INDIANAPOLIS - Organizers say the 500 Festival Mini-Marathon in Indianapolis went smoothly, with some participants saying they were inspired to run to show support for those injured and killed in the Boston marathon bombings.
Festival spokeswoman Megan Bulla says she was unaware of any unusual incidents during the race Saturday morning, which was won by Ethiopian Alene Reta. There was increased security because of the bombings in Boston.
Reta, who was running in just his second Mini-Marathon, won the men's race in 1:03.57.
"I'm very happy," Reta said. "Everyone comes here to win and are ready to win. Me too. so I cam back here to win and am satisfied to win the race."
Kenyan Sarah Kiptoo, who trained in Santa Fe, N.M., won the women's race in 1:12.24.
"I loved this race," Kiptoo said. "Because I know the ladies (competing), I had to run my 100 percent best, and I wasn't sure I would do that. But at nine miles, I said, 'I have a chance to win.' Then I tried to go."
In the wheelchair race, 49-year-old Krige Schabort, of Cedartown, Ga., won in 45:57. He is a veteran of the South African Army and was injured by a bomb explosion in 1987.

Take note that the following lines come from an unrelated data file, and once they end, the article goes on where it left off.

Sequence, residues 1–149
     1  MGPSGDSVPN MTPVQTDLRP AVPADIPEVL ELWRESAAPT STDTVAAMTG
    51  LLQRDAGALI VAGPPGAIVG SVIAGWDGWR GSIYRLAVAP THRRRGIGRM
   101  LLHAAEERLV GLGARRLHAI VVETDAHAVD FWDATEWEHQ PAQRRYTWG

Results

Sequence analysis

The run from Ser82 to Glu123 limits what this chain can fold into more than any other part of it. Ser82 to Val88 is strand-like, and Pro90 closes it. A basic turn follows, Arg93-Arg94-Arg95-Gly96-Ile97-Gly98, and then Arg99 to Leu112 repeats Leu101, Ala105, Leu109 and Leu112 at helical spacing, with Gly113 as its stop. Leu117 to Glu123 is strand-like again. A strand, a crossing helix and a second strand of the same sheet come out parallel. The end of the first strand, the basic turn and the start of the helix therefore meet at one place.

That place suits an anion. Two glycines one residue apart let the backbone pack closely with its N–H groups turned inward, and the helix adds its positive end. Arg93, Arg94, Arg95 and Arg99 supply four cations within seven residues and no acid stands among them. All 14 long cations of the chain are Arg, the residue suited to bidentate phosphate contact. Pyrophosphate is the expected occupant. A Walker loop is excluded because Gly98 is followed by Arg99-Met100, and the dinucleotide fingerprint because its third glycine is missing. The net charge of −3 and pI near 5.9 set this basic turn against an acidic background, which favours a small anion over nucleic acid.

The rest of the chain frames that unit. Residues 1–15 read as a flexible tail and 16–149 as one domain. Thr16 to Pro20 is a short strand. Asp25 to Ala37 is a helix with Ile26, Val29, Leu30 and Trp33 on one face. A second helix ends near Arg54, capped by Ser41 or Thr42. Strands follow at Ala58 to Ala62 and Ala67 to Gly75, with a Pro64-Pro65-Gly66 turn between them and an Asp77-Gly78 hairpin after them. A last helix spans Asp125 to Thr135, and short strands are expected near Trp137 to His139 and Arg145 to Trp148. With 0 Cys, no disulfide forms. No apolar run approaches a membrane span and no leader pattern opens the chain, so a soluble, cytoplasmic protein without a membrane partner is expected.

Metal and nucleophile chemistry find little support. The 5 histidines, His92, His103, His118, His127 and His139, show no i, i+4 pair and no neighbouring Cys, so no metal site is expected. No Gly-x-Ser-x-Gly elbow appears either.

"It's all pushing. there's no real downhill to uphill giving you a break. It shows your fitness," Schabort said.
He said his kids are participating in a triathlon back home on Sunday and he will be back there for them.
Thirty-three-year-old Ryan Ogilvy, an Air Force lieutenant stationed in Texas, told The Indianapolis Star he signed up for the Mini in the Boston aftermath to show the American spirit. Others at the finish line said they were determined to show they weren't scared.
A moment of silence was held before the race to remember those killed and injured in Boston.